I feel like ripping off all the patches, dressings, splints, tubes and monitors. I want to throw away all the medications and supplies and just forget about everything health-related. I’m so fed up of having to have all this stuff in my thoughts All The Time, and of the constant reminders that I’m not ‘normal’. The boxes and boxes of supplies and medications, the equipment that clogs up all my plug sockets, the tubes and lines and scars that mark my body might as well be neon signs, flashing negativity into my mind. I have to shut it out, and run and run and run, away from it all.

I know that all this medical gumph is what keeps me alive and medically stable (ish), and most of the time I’m extremely grateful for that, but the feeling of panic doesn’t come from a place of logic and reason, and the more I try to rationalise it, the louder the volume of the panic-beats. So I’ve cancelled the surgery. I’ve also stopped taking the least important of my medications and stopped answering the telephone. Silly, I know, but it’s the only way I feel able to reclaim some control. I’ve promised myself that I’ll get back on top of it all after the holidays, but for now I am being kind to myself, and not piling on the guilt about being a bad patient and not taking care of my body properly.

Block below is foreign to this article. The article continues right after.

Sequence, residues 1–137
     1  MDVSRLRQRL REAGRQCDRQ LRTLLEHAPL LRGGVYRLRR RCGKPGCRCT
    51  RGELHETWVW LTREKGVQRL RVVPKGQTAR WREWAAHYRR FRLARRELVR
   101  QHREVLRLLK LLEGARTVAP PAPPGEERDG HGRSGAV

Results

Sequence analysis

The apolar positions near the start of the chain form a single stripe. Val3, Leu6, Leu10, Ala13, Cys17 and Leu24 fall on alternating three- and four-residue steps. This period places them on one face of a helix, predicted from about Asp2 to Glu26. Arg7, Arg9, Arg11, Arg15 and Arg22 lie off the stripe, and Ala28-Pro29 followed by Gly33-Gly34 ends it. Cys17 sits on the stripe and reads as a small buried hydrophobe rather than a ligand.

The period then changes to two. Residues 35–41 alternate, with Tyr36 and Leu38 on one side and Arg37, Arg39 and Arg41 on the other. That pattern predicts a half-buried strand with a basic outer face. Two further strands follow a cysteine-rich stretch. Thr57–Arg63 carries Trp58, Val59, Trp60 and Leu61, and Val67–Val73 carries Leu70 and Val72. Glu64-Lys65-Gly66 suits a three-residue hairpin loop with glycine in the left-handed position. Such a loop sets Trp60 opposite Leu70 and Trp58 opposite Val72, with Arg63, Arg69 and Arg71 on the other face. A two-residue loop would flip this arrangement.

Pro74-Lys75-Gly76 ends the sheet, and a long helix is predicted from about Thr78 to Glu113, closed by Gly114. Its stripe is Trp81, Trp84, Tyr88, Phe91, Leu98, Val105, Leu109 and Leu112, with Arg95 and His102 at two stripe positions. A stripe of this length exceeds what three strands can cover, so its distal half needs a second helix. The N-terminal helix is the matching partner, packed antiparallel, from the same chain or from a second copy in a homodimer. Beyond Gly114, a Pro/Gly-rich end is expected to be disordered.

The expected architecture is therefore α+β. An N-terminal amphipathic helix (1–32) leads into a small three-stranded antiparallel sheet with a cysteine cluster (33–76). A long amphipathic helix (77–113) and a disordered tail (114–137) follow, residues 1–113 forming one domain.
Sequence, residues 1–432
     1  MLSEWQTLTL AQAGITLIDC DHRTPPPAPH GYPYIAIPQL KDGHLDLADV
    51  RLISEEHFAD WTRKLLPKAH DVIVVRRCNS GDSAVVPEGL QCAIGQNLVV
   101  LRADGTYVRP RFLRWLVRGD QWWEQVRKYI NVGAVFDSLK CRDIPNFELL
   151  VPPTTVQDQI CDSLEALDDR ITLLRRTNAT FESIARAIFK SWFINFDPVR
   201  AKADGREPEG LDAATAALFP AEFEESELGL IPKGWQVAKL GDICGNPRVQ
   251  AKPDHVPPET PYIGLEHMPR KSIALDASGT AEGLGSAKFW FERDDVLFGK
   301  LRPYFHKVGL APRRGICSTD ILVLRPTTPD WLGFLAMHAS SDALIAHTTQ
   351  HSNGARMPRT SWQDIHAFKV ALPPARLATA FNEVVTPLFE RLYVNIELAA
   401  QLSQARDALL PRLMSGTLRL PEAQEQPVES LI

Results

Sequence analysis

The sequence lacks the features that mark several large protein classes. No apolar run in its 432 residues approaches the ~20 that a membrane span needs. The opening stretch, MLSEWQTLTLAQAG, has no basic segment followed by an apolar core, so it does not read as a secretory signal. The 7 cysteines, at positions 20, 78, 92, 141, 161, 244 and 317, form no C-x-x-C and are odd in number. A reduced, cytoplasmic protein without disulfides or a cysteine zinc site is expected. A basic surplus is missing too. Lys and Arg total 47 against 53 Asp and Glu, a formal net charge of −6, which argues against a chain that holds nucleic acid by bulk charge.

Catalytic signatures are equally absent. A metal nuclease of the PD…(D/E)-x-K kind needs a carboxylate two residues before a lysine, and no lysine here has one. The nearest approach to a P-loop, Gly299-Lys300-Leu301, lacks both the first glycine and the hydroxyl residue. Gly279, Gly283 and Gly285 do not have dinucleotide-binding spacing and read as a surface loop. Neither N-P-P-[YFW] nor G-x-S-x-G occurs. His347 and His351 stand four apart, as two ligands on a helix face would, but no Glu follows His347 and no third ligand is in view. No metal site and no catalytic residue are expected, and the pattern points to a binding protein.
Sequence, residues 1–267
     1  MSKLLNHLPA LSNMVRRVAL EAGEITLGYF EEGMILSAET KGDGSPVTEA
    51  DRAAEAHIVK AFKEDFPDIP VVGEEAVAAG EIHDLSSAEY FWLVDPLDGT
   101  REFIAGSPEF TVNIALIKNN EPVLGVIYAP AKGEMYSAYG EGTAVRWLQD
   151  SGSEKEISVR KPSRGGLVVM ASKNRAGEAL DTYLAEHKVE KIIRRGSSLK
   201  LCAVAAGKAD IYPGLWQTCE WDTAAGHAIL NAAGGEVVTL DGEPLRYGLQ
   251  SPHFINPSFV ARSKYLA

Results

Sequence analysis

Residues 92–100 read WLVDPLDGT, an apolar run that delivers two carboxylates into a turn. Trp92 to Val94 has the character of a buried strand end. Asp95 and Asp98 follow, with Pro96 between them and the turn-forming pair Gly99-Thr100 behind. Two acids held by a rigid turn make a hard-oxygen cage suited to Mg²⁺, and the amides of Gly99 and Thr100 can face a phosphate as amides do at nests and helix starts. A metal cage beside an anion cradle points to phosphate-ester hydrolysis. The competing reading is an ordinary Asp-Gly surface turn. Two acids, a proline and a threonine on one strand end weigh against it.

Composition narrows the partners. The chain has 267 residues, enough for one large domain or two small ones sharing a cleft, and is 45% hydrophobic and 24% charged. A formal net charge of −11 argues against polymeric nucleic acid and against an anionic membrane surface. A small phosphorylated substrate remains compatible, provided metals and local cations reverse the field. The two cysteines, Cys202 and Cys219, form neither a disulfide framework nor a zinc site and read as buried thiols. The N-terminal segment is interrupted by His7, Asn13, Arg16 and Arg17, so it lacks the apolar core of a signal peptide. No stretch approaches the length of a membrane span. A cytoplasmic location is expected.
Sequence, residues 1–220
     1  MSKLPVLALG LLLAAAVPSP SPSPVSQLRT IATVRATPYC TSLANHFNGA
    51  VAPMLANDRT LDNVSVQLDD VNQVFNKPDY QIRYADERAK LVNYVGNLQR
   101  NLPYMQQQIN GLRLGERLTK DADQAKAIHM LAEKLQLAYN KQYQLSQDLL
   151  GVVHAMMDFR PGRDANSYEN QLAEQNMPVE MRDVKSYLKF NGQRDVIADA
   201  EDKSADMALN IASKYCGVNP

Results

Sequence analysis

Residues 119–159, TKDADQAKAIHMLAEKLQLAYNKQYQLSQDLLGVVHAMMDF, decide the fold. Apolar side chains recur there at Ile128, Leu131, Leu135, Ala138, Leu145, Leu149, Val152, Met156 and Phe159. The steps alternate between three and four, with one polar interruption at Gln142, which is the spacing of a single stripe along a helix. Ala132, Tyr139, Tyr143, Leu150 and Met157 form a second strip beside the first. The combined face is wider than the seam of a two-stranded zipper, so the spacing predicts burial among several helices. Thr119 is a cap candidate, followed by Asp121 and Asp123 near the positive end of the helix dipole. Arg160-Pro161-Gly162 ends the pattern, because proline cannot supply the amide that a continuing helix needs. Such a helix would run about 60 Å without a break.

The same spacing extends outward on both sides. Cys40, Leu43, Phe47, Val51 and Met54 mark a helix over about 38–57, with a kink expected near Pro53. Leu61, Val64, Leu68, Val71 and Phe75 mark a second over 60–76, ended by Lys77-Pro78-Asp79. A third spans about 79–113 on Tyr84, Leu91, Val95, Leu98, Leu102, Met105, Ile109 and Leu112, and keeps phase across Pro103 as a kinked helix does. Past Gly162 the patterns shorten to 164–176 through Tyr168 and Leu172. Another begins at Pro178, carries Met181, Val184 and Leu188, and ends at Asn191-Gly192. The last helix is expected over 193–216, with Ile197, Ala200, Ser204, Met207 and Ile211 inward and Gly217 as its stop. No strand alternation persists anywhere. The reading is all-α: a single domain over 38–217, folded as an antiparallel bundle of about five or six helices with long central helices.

The problems with the carers (I’ll refer to them as PAs – personal assistants – from now on) are ongoing, and I’m sure that’s not helping with my feelings of being out of control.

Together with my care agency, I’ve been trying to recruit a couple of PAs to work 32 hours per week between them – during the day, Monday to Friday, with flexible hours. Perhaps naively, I thought that there would be lots of people keen to work for a few hours a week, within school hours, especially as there are so many young families in this area, but that certainly hasn’t been the case so far. We have been advertising for almost 18 months, and in that time, we have received almost 100 applications.

Of these initial applications, about half were rejected immediately – mainly because they gave the impression that they were applying for every job listed on the site, in every employment category. The remainder were contacted for interview, but we were only able to get hold of 14 of them, and four of those didn’t turn up for interview. Of those that did turn up, two were not suitable for the job.

And then there were eight.

The eight successful candidates were formally offered the job, and were booked onto the 5-day specialist training course.